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USS Indianapolis Survivor: We Need to Pay More Respect to Soldiers

By Courtney Coren   |  

As Memorial Day approaches Monday, Edgar Harrell, who survived the sinking of the USS Indianapolis during World War II, says Americans need to pay more respect to those serving in the armed forces.

"We still have boys that are in harm's way today, and if we expect to ever have freedom restored to America again, we're going to have to realize what freedom costs," Harrell told J.D. Hayworth, Morgan Thompson, and John Bachman on "America's Forum" on Newsmax TV.

"And we need to pay more respect to our servicemen that are serving our country today," he added.

The World War II veteran also said that if America is going to be a free nation like it once was, it needs to return to God.

"Our government needs to realize that we are gradually losing our freedom, and if freedom is worth fighting for, we're going to have to turn the corner and realize that if America is to exist as a God-honoring, freedom-honoring, loving nation, we're going to have to get back to God," he said.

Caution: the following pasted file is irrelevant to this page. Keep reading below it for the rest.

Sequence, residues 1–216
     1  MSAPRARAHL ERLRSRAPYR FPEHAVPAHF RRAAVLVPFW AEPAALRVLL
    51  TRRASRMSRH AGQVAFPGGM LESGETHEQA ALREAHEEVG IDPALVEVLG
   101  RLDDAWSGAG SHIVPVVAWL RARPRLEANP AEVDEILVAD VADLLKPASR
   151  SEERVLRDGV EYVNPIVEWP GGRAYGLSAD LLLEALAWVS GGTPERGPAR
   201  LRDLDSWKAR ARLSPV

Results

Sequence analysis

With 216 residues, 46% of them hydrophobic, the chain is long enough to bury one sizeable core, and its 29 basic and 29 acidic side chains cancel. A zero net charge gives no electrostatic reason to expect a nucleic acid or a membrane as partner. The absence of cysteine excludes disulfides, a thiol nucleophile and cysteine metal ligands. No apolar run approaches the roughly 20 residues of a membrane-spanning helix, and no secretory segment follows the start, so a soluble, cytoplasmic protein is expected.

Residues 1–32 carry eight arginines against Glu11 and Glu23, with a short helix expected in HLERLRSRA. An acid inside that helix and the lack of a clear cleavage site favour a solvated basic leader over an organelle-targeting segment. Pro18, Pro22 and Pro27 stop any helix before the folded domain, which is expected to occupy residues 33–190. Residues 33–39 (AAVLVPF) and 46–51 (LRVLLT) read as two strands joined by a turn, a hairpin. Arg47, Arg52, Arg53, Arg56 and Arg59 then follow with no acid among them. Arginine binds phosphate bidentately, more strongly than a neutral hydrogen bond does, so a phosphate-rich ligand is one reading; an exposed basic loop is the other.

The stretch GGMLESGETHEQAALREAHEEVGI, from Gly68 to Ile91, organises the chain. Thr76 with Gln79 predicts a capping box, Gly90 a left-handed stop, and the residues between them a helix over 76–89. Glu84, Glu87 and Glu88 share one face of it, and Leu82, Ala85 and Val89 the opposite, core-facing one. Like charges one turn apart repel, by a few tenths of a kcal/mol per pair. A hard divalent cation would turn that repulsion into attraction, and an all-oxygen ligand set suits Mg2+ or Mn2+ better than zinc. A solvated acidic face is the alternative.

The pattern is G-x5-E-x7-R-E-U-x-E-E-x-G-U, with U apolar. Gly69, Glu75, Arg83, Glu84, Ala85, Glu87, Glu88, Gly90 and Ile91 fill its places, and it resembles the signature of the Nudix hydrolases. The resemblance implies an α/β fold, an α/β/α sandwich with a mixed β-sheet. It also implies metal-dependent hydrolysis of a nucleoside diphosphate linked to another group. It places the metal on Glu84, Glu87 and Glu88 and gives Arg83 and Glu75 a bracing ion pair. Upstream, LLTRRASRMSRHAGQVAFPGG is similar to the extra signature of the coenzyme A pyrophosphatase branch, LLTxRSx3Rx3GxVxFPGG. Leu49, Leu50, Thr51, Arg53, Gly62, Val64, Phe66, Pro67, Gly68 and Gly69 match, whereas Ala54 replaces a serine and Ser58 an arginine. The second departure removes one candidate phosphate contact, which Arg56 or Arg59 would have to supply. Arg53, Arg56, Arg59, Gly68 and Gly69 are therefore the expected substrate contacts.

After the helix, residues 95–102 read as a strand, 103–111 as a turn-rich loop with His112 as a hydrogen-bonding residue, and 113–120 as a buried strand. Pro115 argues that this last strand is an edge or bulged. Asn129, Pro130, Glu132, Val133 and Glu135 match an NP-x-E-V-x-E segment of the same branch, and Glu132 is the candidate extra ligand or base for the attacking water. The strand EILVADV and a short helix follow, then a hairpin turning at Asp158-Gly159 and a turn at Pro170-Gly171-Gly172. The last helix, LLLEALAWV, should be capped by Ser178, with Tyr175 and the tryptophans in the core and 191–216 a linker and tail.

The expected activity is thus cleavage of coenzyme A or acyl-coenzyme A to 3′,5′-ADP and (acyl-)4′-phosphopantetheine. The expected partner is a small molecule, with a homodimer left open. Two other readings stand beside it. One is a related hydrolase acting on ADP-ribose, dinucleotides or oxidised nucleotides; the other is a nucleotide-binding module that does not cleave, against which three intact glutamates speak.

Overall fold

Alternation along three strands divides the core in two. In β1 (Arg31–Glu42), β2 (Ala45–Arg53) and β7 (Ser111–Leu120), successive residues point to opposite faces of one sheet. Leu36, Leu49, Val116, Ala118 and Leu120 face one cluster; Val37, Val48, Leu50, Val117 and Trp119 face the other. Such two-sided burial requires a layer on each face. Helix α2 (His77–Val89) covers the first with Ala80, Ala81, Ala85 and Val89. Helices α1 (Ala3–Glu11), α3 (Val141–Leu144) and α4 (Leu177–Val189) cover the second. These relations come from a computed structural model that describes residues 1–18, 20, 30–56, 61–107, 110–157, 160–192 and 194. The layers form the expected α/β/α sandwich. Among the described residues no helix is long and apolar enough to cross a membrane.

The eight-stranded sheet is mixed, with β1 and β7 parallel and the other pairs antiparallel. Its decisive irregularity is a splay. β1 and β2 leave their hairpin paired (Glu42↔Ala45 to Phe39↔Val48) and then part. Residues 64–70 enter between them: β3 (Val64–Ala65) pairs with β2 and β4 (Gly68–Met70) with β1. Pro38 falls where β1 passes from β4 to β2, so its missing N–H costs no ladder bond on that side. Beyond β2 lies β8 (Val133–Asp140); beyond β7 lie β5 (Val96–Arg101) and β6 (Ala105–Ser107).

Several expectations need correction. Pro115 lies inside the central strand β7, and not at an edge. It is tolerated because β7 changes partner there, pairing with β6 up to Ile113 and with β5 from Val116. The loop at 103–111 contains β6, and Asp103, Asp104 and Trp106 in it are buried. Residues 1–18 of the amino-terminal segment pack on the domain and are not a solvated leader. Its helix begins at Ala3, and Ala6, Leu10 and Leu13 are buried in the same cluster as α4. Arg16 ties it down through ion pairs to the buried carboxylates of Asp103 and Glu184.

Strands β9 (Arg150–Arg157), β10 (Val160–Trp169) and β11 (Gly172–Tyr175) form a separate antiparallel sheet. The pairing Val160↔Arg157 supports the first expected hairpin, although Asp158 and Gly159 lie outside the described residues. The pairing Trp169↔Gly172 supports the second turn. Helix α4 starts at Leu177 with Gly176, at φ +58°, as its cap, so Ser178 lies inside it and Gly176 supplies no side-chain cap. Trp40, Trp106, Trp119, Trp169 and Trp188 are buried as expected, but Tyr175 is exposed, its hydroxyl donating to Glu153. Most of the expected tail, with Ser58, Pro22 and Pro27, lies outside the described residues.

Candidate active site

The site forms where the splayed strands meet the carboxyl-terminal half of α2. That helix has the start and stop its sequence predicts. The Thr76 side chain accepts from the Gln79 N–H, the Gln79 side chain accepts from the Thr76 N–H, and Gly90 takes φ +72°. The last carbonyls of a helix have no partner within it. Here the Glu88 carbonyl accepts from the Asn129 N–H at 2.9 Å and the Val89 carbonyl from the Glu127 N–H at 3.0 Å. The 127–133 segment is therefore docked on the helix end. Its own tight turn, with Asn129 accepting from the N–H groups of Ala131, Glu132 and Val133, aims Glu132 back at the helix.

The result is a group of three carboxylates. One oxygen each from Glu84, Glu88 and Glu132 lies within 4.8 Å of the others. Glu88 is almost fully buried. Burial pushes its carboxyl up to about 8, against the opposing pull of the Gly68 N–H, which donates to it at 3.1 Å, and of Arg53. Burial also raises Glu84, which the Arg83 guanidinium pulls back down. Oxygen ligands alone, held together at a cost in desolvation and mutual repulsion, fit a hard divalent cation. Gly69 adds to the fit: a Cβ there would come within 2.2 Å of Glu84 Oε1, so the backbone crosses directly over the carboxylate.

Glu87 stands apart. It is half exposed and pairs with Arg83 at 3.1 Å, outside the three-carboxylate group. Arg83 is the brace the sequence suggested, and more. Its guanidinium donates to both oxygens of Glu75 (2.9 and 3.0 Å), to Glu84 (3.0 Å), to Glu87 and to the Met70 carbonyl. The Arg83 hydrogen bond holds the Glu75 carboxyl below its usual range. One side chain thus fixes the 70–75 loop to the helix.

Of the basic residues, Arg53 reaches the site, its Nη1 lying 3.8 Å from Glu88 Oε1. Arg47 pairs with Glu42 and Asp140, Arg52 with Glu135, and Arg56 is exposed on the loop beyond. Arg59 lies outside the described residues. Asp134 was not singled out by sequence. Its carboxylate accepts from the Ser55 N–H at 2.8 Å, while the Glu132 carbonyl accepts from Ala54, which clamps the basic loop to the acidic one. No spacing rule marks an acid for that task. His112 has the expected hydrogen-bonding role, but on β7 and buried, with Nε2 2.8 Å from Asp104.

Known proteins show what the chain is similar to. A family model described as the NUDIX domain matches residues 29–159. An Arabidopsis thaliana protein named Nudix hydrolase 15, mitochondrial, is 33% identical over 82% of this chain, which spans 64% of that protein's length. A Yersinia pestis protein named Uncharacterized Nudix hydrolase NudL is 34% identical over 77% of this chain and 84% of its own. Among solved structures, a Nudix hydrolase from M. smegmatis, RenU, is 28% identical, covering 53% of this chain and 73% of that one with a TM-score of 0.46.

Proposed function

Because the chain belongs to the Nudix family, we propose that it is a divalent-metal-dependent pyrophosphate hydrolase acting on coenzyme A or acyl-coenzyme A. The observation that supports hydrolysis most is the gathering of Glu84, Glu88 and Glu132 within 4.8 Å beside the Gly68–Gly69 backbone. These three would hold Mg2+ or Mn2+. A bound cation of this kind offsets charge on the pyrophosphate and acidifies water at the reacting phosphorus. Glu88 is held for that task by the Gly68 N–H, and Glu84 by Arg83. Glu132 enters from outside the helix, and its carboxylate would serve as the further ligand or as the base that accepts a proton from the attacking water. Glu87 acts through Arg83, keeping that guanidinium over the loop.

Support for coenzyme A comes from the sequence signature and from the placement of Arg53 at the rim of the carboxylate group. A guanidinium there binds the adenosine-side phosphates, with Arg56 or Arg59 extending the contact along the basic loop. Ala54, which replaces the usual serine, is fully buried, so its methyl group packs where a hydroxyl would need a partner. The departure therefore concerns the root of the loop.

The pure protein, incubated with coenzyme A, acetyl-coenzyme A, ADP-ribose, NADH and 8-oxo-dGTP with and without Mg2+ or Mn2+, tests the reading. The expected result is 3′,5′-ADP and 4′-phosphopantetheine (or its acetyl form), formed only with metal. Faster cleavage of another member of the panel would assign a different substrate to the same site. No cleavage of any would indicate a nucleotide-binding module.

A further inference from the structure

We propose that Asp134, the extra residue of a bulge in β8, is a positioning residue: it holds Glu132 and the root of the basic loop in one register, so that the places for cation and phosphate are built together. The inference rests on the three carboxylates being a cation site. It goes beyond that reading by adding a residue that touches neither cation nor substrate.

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After delivering parts of the two atomic bombs that were dropped on Nagasaki and Hiroshima to bring World War II to an end, the USS Indianapolis was attacked by a Japanese submarine, with 1,196 passengers on board. According to Harrell, the ship went "down in about 12 minutes."

He said that about 900 soldiers and members of the crew found themselves in shark-infested waters, where they also faced severe dehydration for almost five days. Harrell was one of 300 soldiers to survive the attack.

"My story has to do with my experience, those four-and-a-half days swimming in shark-infested waters, seeing boys gored, seeing boys disemboweled or the bottom torso gone, seeing boys drink saltwater and go completely crazy and they become your enemies, seeing the fact that boys would drink the saltwater by straining it through some of their clothing, yet in spite of that others that would not succumb to that, you see that they now are suffering from dehydration. No water, no water, and the body is fast disappearing," Harrell told Newsmax, describing his experience.

Harrell tells his story in "Out of the Depths: An Unforgettable WWII Story of Survival, Courage, and the Sinking of the USS Indianapolis."

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As Memorial Day approaches Monday, Edgar Harrell, who survived the sinking of the USS Indianapolis during World War II, says Americans need to pay more respect to those serving in the armed forces.
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